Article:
Supervision in the network society

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Supervision in the network society

  1. 1. Supervision in the Network Society connecticon or panopticon? ? Neil Ballantyne
  2. 2. Aims of supervision (Kadushin, 2002) Adapted by: McKenna, Thom, Howard & Williams (2008) . Administrative Provision of oversight of and accountability for practice Development and maintenance of competence Safety system for the service Educational Professional & educational development Reflection on practice Application of theory to practice Foster innovative and creative practice Clarification of role and relationships Clarification of the therapeutic relationship Increased beneficial outcome for service users Supportive Empowerment Encouragement Support Management of the emotional effects of the work Provision of a safe place to explore ethical and safety issues Management of wider organisational or team issues Promotion of job satisfaction Management of stress and prevention of “burn out” Enhancing welfare and well-being
  3. 3. Sociological perspectives <ul><li>Network Society (Castells, 199, 1997, 1998) </li></ul><ul><ul><li>A new social morphology for society </li></ul></ul><ul><li>Risk Society (Beck, 1992) & the “safety state” (Raab, 2005) </li></ul><ul><ul><li>see also Beddoe (2010) </li></ul></ul><ul><ul><ul><li>professional supervision for risk management: surveillance </li></ul></ul></ul><ul><ul><ul><li>professional supervision for learning & development: reflection </li></ul></ul></ul><ul><li>Surveillance Society (Lyons, 1994, 2003) </li></ul>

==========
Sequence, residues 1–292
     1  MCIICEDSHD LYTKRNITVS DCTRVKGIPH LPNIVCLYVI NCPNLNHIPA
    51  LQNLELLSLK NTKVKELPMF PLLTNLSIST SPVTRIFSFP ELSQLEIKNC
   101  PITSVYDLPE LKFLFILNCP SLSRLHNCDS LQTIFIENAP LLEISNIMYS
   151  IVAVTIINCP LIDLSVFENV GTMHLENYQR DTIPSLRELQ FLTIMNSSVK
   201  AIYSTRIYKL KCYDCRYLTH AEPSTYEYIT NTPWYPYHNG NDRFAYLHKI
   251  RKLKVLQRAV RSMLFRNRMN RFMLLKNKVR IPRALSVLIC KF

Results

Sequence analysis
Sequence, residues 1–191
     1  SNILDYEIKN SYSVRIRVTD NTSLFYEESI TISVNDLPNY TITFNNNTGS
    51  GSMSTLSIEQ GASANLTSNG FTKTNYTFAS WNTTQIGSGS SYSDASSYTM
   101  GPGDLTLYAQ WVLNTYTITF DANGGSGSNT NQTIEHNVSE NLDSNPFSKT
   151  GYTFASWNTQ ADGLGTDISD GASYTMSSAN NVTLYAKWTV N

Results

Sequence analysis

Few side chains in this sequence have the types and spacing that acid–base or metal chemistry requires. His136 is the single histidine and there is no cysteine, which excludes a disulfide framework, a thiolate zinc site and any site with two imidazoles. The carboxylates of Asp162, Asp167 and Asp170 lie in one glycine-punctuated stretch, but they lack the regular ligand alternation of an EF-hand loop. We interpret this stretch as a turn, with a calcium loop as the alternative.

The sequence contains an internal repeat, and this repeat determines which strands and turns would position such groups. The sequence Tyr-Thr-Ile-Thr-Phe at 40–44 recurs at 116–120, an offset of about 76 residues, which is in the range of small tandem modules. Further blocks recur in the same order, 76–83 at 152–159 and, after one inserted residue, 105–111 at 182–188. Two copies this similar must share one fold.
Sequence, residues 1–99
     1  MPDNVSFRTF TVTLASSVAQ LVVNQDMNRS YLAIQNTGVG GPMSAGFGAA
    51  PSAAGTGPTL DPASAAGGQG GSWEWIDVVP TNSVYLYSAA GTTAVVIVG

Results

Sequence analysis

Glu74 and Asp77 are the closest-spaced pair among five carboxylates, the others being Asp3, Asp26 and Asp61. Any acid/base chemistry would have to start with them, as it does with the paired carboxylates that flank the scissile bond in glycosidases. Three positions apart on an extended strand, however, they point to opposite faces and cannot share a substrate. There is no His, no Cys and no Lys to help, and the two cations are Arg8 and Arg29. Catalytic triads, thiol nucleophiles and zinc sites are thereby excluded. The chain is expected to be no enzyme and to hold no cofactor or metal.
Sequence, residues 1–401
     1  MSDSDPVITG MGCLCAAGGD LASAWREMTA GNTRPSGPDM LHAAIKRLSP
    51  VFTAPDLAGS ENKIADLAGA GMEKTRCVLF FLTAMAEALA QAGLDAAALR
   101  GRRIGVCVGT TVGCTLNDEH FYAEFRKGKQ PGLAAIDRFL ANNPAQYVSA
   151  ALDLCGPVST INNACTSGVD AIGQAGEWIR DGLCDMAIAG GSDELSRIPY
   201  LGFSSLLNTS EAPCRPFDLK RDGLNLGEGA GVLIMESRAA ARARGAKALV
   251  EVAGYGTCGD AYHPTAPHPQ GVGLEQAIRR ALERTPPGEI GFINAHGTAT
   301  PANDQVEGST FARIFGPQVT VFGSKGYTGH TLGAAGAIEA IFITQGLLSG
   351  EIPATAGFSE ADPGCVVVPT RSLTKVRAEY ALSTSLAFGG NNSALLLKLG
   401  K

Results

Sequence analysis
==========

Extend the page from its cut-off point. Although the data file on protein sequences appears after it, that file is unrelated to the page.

4. 4. The panopticon <ul><li>Panoptic power built into the architecture of Benthams’ prison </li></ul><ul><li>Prefigured what some refer to as the “electronic panopticon” or “surveillance society” which includes: </li></ul><ul><ul><ul><li>the mass surveillance & collection of data by government on populations; </li></ul></ul></ul><ul><ul><ul><li>the surveillance & collection of data on consumers for marketing purposes; </li></ul></ul></ul><ul><ul><ul><li>the management surveillance & control of the workforce by industry. </li></ul></ul></ul>
  5. 5. The connecticon (Rennie & Mason, 2004) <ul><li>The use of networks to connect people to: </li></ul><ul><ul><li>explicit knowledge & information </li></ul></ul><ul><ul><li>tacit knowledge & other people </li></ul></ul><ul><ul><li>communities of practice </li></ul></ul><ul><ul><li>sources of advice & support </li></ul></ul><ul><li>Can be interactive involving contributing knowledge and support </li></ul><ul><li>Synchronous or ansynchronous </li></ul><ul><li>One to one, one to many, or many to many </li></ul><ul><li>Text based or multimedia </li></ul>
  6. 6. Supervision technology examples Surveillant Reflective Keystroke capture Online evidence base CCTV monitoring Audio/video case capture GPS monitoring of movements Online discussion groups Internet use filtering & monitoring Specialist knowledge networks Call monitoring Tele & video conferencing Electronic case recording
  7. 7. Technology implementation <ul><li>Issues of access, reliability & media literacy </li></ul><ul><li>Supervision practice & Media Naturalness theory </li></ul><ul><li>Social construction of technology </li></ul><ul><ul><li>embedded in particular practice situations </li></ul></ul><ul><ul><li>practitioners construct – and sometimes subvert – intended technology use </li></ul></ul>
  8. 8. Some issues <ul><li>Do surveillance technologies have a place in the professional workplace and should we welcome their use to make business processes safe? </li></ul><ul><li>What is the role of the professional supervisor in an increasingly networked world? </li></ul><ul><li>Why is workplace privacy important, and how can it be secured? </li></ul><ul><li>How can technology best support reflective practice & professional development? </li></ul>[email_address]

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